Water is also a symbol of union. It is designed as a visual outlook of the Loire River. By analogy to the spontaneous plants, the vegetation designed on all the walls represent all kinds of plants (different families), expressing the natural colonization of the plants.

This garden is designed with four parts that represent the four different levels of plant evolution on the surface of the earth now:

- First part: The mineral and the first plants (seaweed, moss)
-Second part: The pteridophytes (fern and horsetail, scouring rush)

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View of the fern areaof the garden.
Image courtesy Vincent Bouvier and Guillaume Sevin, copyrights 2008 and 2009.  All rights reserved.  
 

- Third part: the gymnosperms (conifers)
- Fourth part: angiosperms (flowering plants)

The installation of this Chaumonphyte garden took three weeks and was completed in April 2008.

Vincent Bouvier is a teaching-researcher at Agrocampus-Ouest, centre d’Angers Institut National d’Horticulture et de Paysage and can be reached at: Vincent.Bouvier@agrocampus-ouest.fr 

Other participants included: Sébastien Guillet, Henri Carpentier, Sylvain Couraud, Lilian Marchand, Rémi Gardet, Guillaume Sevin and his associates (Eric Derouet, Sébastien Bazzile), Green Spaces of the City of Angers (Henri Séjourné, Jean-Paul Durgevin, Ahmid Lourdi) and of the INHP supervised by Vincent Bouvier and Bernard Roland. The students include: Mathieu Caramello , Claire Bacconier, David Blanchard, Marion Bréheret, Laure Braghini, Marie Aude Duponcheel, Rose-Hélène Duret, Marion Festal, Loïc Gaulard, Laure Georgon, Joris Notarnicola, Viviane Pflieger, Clémence Savary, Céline Yamato, Laure Aubert,Karine Brana,  Stéphanie Marsura, and Marion Paluzzano.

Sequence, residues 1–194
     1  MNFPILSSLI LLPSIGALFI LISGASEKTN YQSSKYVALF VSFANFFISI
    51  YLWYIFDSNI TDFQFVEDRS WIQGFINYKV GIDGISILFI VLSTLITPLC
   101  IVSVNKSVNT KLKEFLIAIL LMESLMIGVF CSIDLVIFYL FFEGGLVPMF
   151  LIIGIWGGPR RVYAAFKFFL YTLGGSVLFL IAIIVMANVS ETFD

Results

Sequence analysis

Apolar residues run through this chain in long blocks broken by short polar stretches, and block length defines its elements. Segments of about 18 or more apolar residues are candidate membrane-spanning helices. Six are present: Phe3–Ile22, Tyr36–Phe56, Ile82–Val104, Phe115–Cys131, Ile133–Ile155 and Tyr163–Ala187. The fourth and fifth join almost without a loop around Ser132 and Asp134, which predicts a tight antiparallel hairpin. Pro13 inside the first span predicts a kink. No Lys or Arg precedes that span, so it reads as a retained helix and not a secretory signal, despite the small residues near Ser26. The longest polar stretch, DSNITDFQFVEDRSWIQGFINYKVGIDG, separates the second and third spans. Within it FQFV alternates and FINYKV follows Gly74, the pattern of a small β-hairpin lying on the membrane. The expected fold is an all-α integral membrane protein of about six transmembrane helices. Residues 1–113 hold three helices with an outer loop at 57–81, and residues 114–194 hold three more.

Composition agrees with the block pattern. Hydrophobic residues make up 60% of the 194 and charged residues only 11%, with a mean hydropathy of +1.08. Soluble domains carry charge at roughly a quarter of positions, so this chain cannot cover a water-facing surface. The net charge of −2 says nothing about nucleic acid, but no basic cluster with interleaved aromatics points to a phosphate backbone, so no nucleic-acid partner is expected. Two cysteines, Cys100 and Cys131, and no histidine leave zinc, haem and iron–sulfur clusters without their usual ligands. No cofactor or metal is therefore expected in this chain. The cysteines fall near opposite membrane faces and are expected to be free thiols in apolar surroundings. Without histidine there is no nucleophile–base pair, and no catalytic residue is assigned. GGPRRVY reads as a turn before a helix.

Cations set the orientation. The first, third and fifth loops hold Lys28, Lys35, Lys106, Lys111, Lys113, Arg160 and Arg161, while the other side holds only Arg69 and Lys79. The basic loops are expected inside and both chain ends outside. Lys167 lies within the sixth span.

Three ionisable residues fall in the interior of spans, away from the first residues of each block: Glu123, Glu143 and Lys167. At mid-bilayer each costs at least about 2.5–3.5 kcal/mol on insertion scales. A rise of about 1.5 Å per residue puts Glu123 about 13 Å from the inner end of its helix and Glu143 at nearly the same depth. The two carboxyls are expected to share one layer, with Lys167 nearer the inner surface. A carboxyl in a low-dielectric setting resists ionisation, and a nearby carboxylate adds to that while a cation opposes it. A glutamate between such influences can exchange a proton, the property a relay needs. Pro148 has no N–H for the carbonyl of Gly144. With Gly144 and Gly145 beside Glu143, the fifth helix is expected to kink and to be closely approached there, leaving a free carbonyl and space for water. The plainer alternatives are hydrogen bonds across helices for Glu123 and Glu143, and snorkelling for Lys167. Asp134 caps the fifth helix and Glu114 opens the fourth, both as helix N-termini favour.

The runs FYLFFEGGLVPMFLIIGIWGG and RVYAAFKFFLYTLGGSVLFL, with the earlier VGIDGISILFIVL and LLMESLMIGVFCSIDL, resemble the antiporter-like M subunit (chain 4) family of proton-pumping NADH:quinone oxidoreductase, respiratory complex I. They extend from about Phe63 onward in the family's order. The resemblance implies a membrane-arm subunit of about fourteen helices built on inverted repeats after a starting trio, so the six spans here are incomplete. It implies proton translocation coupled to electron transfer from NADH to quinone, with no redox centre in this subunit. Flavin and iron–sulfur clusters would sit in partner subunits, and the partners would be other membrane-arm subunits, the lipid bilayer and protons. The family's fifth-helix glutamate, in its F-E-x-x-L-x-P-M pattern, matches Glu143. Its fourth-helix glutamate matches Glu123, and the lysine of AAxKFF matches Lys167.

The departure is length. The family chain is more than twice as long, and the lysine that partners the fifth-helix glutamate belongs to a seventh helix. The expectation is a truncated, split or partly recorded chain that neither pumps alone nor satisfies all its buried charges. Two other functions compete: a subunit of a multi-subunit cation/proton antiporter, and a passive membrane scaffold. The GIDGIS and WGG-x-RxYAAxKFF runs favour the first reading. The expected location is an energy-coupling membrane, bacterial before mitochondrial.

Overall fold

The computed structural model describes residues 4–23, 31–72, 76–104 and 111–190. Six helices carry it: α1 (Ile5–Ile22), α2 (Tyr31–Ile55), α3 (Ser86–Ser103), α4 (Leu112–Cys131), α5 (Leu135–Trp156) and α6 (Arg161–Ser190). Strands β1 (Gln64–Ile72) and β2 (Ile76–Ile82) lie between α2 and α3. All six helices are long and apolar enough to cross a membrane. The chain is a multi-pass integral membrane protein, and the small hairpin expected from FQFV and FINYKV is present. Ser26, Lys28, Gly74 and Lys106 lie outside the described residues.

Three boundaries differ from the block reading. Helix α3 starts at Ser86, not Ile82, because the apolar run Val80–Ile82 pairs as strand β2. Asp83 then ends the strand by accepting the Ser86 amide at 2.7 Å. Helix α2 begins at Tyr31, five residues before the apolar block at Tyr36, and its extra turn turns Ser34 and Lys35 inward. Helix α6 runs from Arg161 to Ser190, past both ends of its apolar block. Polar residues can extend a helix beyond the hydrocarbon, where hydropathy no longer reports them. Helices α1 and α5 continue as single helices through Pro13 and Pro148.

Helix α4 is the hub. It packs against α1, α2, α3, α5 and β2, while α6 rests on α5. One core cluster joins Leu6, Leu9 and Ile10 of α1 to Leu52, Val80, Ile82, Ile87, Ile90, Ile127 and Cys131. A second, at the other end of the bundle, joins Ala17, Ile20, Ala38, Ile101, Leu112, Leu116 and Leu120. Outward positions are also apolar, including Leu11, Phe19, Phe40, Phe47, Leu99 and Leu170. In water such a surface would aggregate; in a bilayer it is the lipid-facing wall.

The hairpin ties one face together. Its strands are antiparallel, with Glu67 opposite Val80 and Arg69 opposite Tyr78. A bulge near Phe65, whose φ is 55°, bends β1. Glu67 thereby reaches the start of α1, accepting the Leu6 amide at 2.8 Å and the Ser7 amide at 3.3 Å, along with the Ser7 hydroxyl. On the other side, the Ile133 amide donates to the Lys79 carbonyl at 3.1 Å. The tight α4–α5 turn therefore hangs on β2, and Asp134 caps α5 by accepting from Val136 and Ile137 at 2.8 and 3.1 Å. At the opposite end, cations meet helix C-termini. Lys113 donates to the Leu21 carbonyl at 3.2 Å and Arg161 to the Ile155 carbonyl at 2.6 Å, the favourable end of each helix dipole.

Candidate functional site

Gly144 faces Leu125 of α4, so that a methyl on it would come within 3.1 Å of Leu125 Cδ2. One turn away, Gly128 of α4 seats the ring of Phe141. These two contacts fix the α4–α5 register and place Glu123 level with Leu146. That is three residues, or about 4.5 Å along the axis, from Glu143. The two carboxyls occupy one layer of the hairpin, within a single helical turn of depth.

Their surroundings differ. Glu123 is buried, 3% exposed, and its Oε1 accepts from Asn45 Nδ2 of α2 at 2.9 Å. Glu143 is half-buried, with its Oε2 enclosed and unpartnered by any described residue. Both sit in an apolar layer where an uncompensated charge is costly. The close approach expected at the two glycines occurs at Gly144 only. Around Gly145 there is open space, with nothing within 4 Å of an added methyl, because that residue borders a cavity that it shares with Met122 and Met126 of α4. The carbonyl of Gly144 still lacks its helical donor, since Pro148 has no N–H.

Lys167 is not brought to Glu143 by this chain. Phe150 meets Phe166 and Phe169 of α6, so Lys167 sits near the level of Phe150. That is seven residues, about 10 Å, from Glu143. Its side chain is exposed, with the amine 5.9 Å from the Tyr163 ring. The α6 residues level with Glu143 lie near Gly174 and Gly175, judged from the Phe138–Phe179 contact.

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Letter from the Chair
Vigeland Park, Oslo, Norway
Normative Theory: A Look at “The Memorial to the Murdered Jews in Europe”
Longmen Grottoes of China (Dragon Gate)
“Fragmentary-era” Garden in Chaumont, 2008
International Conferences -- Past and Upcoming
 

 

Erik Mustonen, ASLA, Chair
(780) 423-4990
esmustonen@yahoo.com